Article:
Update export controls long overdue



Member of the European Parliament, Marietje Schaake (ALDE/D66) welcomes the proposal by the European Commission to update the EU’s export control mechanism for items that have both military and civilian uses. It will include systems designed for surveillance, hacking and exfiltrating information from people's mobile phones or computers.

Schaake: “We have pushed for this much needed update. We need clear export control rules that ensure strategic and potentially dangerous items do not fall into the wrong hands. European-made products should not be used against the EU’s own interests or to violate human rights abroad. In called for human rights to be a criterium, and am glad the Commission has introduced a ‘human security approach’ to export controls.”

No free pass for national authorities

One of the crucial aspects of the regulation is how member state authorities assess requests of producers to export dual use items. Schaake: “In the past, we have seen too often seen how intrusive exfiltration technologies were exported to countries with a proven track record of human rights violations. National export control authorities must do serious assessments and not rubber stamp applications for a licence.”

Last year, it was revealed that Italian spyware company Hacking Team had sold products to Bahrain, Morocco or Uzbekistan, where they were used in some cases to spy on journalists and human rights activists. Schaake: “By strengthening the export control criteria, as well as by increasing transparency and information sharing, we can make sure that the member states take their responsibility.”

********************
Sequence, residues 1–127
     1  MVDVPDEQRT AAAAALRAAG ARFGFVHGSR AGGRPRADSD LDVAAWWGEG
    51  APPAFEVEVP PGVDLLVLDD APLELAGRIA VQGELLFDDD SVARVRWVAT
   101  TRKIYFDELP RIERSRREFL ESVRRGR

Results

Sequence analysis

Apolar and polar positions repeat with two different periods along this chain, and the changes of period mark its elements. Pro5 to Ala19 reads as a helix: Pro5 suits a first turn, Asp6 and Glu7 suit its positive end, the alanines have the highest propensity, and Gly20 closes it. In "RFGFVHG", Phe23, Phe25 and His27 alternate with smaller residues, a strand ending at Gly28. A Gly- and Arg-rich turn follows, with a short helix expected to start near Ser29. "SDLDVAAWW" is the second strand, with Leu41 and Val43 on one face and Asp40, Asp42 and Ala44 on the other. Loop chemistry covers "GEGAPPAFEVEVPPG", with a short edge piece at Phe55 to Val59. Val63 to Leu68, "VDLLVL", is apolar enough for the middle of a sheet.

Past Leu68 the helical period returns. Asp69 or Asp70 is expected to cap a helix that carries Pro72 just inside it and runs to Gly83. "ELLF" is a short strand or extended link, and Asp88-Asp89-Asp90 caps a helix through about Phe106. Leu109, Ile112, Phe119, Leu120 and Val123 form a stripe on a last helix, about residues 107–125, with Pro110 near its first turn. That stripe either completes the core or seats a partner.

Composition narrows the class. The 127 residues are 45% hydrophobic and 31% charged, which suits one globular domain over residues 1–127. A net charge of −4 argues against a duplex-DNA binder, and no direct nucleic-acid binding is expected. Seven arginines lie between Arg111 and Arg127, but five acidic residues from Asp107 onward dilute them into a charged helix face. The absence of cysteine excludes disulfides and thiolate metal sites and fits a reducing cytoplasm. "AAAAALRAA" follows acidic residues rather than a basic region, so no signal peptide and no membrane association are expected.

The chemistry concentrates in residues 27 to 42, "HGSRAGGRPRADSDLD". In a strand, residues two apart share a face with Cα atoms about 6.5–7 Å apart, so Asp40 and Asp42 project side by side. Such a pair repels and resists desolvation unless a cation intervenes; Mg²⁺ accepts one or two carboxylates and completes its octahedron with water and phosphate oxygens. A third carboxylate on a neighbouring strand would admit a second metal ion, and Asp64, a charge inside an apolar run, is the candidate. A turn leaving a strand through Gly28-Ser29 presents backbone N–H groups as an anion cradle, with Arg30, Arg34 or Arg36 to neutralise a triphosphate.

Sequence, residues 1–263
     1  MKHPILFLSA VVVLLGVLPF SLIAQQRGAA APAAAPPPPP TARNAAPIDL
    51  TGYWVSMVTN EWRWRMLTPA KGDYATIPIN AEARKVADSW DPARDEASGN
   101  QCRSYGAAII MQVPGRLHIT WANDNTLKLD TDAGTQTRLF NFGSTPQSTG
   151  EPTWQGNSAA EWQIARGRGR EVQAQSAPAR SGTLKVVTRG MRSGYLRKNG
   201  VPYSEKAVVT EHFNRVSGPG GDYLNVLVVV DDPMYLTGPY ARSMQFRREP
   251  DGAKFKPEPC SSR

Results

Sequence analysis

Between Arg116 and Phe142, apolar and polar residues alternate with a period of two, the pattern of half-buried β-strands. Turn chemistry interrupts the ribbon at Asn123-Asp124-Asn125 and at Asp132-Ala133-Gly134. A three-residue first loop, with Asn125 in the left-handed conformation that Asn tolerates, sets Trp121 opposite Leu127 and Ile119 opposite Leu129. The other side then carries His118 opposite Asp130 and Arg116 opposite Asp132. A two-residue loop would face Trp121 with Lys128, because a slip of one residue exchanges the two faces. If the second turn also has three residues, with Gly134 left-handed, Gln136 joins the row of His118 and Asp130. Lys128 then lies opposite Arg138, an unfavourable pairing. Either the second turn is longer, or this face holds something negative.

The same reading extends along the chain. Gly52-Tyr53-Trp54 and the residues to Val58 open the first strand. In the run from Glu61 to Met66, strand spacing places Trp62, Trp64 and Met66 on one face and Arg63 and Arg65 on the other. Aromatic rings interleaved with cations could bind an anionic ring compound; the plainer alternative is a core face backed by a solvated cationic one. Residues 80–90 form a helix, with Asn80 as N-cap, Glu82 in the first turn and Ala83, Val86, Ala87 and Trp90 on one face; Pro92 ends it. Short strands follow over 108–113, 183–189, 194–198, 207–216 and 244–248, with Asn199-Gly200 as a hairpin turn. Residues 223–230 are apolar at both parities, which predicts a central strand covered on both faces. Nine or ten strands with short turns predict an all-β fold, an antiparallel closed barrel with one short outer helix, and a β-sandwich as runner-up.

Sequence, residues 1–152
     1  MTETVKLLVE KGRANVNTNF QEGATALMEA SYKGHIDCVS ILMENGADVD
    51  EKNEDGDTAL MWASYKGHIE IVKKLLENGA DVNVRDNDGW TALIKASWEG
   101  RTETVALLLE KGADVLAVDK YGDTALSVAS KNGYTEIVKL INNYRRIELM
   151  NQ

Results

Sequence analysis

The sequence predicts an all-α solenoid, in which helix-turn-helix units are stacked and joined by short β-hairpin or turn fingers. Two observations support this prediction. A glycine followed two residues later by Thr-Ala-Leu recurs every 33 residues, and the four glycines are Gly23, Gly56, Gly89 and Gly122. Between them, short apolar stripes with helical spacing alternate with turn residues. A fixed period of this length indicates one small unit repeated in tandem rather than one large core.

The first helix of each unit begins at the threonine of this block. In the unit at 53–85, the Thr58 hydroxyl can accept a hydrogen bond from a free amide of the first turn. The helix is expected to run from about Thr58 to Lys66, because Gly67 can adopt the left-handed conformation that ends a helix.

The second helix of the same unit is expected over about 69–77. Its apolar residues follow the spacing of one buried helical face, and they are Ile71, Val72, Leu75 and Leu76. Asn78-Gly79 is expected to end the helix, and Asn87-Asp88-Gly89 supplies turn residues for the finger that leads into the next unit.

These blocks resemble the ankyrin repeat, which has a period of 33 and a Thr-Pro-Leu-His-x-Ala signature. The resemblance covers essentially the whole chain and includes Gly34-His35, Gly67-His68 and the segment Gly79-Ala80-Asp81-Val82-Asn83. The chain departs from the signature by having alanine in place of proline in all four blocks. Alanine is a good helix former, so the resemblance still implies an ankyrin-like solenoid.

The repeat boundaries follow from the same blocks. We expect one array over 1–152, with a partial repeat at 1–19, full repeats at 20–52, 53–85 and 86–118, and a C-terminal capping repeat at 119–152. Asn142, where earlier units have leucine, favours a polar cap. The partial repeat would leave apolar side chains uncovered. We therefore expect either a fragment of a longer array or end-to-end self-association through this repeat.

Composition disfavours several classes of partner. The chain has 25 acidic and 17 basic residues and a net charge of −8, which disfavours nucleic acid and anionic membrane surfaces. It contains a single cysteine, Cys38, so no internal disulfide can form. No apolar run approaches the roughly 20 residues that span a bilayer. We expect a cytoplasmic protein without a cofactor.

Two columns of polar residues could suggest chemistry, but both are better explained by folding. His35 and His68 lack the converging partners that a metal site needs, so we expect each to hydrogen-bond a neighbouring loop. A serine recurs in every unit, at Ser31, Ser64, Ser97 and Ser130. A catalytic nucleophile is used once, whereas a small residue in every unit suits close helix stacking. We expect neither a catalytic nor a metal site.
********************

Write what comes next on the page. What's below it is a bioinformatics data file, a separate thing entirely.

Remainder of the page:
Security researchers no target

A key area of the new regulation is to look for ways to disable the export of certain new technologies to authoritarian regimes. Schaake: “The fast-paced changes in technology require modernized policies. However, we need to make sure that we do not target any activities that are done for legitimate research purposes or that enable activists to defend themselves against cyberattacks. By cooperating with all relevant stakeholders we can ensure the definitions in the law are targeted.”

Exclude encryption products

The review process of the dual use regime is not only an opportunity to add extra items on the control list, but also to exclude some items. Schaake: “While the Commission had made positive efforts to further facilitate the export of encryption items, we can do more. It is time to ask ourselves whether products that contain cryptography still have a legitimate place on the export control list. For me, the answer is a resounding no.”

Now that the European Commission has proposed a draft regulation, both Parliament and the Council will have to make amendments. After this, all three institutions will enter into negotiations to reach a final agreement.

See Schaake’s interactive timeline on the export control review process here.

See Schaake’s debate with the Commission on the Hacking Team revelations here.

Schaake has organised a roundtable in the European Parliament last year (video) with cybersecurity researchers on how to avoid such unintended consequences.

In 2015 the European Parliament adopted a resolution on the impact of intrusion and surveillance systems on human rights in third countries which was drafted by MEP Schaake.